I don’t have one, or even a few, favourite authors. I have loved various books that I have read over the years. Surely, I have unknowingly fetched inspiration for a style from here or there, but the act must surely be too subconscious for me to put a name to it. But in general, I desire to keep reading more because that’s the only way I can improve as a writer myself.

Nishant Kaushik // Pic supplied
From writing a book to making it into the hands of a publisher? Can you share the journey/process?

Patience and luck are the biggest ingredients to this magic recipe. But even before we get there, it is imperative to sit down and write rather than worry about the publishing process. I often hear aspiring writers enquire about publishing contacts, and I always advise them to first have a manuscript at hand. A catchy logline that convinces yourself, and then the editor, of the mettle in the story. Thereon, if luck has been on your side, the vanilla version of your novel goes through several updates, sub-plot creations, character definition, editing before the paperback hits the store. This, ironically, is where the journey only just begins. Because here begins the never-ending struggle to stay relevant and visible in the heap of novels that fight for shelf-space in a bookstore.

As an Indian writer in English, what is your understanding of some of these fights around representation in the literary scene here and globally?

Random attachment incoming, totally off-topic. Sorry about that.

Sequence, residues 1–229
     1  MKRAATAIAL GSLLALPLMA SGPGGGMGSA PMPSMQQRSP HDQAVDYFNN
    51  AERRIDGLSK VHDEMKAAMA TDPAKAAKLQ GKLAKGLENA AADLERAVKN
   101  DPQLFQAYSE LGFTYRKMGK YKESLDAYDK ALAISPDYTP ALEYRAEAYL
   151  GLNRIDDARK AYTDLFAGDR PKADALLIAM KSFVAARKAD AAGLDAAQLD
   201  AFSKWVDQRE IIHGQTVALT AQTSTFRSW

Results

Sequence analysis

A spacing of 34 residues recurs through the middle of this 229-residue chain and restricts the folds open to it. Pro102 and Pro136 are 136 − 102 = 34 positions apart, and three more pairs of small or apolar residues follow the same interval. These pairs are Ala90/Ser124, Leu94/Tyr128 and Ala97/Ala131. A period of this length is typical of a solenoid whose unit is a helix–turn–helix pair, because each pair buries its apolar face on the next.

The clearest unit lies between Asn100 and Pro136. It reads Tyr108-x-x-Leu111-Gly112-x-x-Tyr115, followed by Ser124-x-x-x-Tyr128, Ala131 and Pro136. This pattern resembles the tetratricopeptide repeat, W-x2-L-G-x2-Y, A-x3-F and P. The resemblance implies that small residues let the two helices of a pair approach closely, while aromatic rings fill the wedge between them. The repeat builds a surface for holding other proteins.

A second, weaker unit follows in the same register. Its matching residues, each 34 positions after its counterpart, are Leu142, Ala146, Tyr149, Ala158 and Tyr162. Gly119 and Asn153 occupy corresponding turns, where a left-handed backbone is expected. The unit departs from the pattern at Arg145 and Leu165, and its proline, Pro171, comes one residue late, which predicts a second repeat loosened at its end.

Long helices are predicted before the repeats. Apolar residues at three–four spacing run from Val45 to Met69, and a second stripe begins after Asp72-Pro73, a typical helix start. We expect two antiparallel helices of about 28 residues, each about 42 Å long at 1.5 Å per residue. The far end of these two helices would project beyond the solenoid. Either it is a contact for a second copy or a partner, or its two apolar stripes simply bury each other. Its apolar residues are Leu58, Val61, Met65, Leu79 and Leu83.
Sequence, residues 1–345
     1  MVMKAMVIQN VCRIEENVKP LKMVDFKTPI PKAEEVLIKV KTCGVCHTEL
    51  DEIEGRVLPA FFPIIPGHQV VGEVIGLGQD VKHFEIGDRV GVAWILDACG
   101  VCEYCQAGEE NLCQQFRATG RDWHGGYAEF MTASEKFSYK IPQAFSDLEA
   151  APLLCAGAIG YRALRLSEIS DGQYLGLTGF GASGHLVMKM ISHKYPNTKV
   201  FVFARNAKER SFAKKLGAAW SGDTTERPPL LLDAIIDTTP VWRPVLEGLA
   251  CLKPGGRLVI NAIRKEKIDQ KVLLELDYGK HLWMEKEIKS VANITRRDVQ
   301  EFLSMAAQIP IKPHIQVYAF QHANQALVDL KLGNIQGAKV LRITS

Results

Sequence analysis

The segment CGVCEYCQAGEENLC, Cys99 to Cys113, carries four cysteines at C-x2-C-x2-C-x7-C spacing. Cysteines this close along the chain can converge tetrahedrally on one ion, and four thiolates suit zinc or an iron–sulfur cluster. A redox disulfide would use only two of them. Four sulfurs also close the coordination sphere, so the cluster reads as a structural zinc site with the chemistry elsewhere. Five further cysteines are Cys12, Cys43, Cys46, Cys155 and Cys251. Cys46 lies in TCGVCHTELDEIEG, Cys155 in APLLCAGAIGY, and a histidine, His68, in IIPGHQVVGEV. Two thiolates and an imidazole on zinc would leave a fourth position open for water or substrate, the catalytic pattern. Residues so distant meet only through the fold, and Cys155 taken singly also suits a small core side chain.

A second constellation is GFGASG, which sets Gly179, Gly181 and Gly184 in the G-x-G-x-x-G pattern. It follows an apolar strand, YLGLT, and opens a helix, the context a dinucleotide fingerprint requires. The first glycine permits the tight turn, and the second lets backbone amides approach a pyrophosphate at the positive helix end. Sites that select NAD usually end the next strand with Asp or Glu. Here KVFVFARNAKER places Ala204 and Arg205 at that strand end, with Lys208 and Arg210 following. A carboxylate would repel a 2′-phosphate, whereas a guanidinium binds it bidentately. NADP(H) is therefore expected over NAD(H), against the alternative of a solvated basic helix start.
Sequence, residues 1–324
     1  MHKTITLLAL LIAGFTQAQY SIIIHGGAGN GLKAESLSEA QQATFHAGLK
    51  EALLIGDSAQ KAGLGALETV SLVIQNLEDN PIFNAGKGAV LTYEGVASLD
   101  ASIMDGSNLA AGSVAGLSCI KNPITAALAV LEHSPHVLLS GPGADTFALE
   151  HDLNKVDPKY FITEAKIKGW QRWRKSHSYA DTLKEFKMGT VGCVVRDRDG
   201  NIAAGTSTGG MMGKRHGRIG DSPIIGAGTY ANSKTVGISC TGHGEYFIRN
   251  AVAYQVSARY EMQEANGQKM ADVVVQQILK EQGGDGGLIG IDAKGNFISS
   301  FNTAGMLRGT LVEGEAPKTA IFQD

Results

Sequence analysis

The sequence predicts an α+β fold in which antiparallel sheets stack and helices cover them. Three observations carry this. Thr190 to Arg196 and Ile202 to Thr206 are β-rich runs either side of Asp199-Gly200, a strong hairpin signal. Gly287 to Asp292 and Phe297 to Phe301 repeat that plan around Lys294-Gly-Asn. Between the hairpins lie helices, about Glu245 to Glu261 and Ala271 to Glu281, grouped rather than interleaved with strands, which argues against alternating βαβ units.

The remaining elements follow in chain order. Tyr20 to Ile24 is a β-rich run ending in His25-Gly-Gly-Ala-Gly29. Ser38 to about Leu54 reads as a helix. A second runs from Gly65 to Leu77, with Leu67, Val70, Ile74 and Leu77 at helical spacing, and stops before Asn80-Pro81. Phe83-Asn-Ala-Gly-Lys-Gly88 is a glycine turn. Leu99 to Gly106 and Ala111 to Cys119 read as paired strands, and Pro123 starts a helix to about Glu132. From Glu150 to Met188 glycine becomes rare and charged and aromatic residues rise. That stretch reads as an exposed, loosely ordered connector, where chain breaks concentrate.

The cultural representation of a story plays a big role in ensuring likeability. Novels steeped in the Indian culture and its references can sometimes be hard for a person, say, in Australia to appreciate and embrace. Then there is also an unspoken bias that sometimes lurks beneath the surface, which tells you that a market possibly prefers content coming from creators who understand the ‘pulse’ of its consumer base better. But as I have settled gradually in Australia, I have largely found the writing community here extremely supportive and encouraging of my work. As well as that, I have also gained adequate experience of creating that fine balance between the Indian and the global palate.

What book is coming out next?

My next novel, Bhadresh Mhatre’s Slam Book, has also been signed up for publishing with Austin Macauley Publishers. I hope to reveal more details soon but I expect the novel to be out later this year.